Check with your doctor or pharmacist if you are taking medicines that may affect your ability to operate your drone or model aircraft safely. Do not fly if they advise that your ability to drive a car or operate machinery may be affected.


Well its in the ANO somewhere…many a commercial pilot has been nailed to the wall for smelling of booze when reporting for duty…They also have to carry a spare pair of glasses if they have been prescribed by an optician.
Coud that be the next thing for drone fliers.??

Think the last para nails it tho…when there is time…


Your regular reminder that even in a quieter year in the roads, 2020, there were 115,333 casualties in road accidents, including 1472 deaths.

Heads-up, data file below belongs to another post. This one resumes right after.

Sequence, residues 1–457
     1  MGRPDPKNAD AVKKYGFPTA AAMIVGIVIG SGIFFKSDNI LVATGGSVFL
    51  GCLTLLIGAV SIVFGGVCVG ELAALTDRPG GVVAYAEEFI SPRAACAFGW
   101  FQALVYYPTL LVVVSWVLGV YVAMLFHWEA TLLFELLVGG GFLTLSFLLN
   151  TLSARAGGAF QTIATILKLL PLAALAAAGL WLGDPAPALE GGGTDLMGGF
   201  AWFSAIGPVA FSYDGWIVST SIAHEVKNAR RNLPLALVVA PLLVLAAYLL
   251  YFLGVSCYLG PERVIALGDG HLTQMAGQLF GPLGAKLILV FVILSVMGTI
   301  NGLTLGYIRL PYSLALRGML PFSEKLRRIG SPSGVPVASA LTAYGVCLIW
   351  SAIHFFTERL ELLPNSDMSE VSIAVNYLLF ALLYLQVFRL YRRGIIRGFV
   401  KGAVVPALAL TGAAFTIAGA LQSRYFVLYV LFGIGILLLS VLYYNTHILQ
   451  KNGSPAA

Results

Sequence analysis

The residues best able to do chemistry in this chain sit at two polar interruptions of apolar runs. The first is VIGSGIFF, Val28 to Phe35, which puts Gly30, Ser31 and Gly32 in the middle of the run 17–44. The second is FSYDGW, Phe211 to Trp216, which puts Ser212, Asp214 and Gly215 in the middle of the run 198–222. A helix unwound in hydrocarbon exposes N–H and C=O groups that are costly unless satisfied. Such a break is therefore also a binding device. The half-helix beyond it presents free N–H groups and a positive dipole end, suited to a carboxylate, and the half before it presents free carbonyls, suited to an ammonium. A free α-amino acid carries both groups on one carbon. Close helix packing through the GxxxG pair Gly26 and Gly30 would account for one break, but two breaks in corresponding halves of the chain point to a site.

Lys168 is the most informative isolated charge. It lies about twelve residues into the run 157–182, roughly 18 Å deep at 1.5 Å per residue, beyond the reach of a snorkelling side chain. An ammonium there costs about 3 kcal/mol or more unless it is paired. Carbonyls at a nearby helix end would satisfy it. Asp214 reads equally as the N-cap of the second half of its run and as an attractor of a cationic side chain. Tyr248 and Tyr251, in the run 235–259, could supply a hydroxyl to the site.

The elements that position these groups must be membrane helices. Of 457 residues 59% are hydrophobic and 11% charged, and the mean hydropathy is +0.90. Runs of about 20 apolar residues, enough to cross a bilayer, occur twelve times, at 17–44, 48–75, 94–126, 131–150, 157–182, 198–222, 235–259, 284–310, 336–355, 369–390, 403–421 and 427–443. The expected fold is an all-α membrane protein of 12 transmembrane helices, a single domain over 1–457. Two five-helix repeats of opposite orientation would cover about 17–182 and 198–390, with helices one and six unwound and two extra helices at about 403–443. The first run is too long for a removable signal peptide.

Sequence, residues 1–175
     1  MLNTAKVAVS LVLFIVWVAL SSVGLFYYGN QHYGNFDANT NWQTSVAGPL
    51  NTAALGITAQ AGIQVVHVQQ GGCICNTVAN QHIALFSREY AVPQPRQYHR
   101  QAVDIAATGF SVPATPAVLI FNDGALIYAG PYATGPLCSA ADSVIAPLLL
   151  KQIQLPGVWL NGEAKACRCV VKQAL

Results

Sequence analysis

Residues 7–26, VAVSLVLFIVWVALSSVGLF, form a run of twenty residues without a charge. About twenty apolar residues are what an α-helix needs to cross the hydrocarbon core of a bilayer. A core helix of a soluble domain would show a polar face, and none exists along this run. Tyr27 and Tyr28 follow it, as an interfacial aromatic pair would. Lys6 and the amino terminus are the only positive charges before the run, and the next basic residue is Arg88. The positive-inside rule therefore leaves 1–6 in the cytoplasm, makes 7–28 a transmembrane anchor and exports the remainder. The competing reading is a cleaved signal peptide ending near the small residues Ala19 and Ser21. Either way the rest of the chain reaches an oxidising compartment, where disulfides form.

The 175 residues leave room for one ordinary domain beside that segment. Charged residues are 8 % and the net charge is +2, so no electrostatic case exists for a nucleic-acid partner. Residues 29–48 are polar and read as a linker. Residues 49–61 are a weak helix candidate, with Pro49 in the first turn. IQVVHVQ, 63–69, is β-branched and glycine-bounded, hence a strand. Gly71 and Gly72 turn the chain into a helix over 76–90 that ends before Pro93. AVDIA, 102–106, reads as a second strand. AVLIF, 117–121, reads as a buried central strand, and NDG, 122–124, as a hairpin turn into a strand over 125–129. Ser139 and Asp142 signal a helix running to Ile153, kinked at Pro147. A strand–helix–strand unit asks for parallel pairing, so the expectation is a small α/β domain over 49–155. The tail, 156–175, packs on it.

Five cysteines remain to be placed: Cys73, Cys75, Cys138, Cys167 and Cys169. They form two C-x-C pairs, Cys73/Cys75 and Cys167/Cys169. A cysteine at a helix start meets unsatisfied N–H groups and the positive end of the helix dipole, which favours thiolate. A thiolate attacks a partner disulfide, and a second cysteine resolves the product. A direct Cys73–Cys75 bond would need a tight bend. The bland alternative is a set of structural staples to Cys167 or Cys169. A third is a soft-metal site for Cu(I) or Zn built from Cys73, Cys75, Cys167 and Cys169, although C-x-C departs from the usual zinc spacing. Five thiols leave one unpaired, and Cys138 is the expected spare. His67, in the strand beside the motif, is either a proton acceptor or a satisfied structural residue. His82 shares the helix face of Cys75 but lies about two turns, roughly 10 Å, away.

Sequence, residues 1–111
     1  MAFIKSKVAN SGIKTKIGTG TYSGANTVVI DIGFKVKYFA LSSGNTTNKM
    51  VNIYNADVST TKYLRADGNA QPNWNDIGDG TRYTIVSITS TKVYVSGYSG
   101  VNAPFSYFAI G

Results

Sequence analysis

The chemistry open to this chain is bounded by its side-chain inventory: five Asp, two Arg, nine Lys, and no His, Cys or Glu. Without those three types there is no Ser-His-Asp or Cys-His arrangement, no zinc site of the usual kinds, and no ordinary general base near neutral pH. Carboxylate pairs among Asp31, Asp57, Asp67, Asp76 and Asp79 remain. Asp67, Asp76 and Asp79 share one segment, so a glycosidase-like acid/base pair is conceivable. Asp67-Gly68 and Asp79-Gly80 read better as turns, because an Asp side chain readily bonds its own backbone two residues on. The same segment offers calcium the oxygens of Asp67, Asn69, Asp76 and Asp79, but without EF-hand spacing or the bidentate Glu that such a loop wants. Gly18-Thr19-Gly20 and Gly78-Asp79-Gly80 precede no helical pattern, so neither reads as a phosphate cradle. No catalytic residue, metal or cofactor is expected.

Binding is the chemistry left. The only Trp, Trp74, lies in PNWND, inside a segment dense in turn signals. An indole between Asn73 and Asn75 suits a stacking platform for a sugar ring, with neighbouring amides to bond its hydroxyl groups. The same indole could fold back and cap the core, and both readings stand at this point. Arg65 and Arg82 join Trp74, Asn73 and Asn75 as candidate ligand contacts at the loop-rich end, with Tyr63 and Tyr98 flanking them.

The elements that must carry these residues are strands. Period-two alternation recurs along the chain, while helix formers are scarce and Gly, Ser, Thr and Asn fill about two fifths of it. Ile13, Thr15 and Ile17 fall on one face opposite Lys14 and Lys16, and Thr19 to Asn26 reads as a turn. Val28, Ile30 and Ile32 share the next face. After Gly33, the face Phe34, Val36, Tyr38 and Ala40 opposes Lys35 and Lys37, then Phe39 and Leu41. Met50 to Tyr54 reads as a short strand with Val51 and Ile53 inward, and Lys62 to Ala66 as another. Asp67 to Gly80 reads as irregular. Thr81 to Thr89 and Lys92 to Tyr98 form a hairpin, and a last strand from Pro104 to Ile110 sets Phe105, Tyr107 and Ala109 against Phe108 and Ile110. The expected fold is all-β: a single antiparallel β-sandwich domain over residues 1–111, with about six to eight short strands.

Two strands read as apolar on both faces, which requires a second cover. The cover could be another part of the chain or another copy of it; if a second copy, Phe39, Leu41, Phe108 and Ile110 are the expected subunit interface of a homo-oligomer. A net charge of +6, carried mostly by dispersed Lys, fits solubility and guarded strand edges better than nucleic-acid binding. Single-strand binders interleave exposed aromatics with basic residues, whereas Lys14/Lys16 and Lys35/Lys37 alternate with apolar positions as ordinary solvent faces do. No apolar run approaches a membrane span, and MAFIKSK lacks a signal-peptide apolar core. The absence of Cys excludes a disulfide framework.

The same statistics for drones … errrm … probably not even measurable one you get past sliced fingers from hand-catching!


See Future of transport regulatory review: future of flight - GOV.UK for the details of the consultation, which goes well beyond drink-fly limits.

Don’t respond to the consultation while drunk!



1 Like

Whilst this is already covered IMHO - my concern is that the government try to impose further restrictions on flying as a result of this.

This is clearly a document to allow other commercial flights - but might recreational flights get restricted as a result?


Follow the consultation link I posted - it’s very clear they are looking at further restrictions on recreational pilots, certainly the blood alcohol limits but also opening the door to mandatory insurance etc.

1 Like

It’s not like there is anything else going on ;o)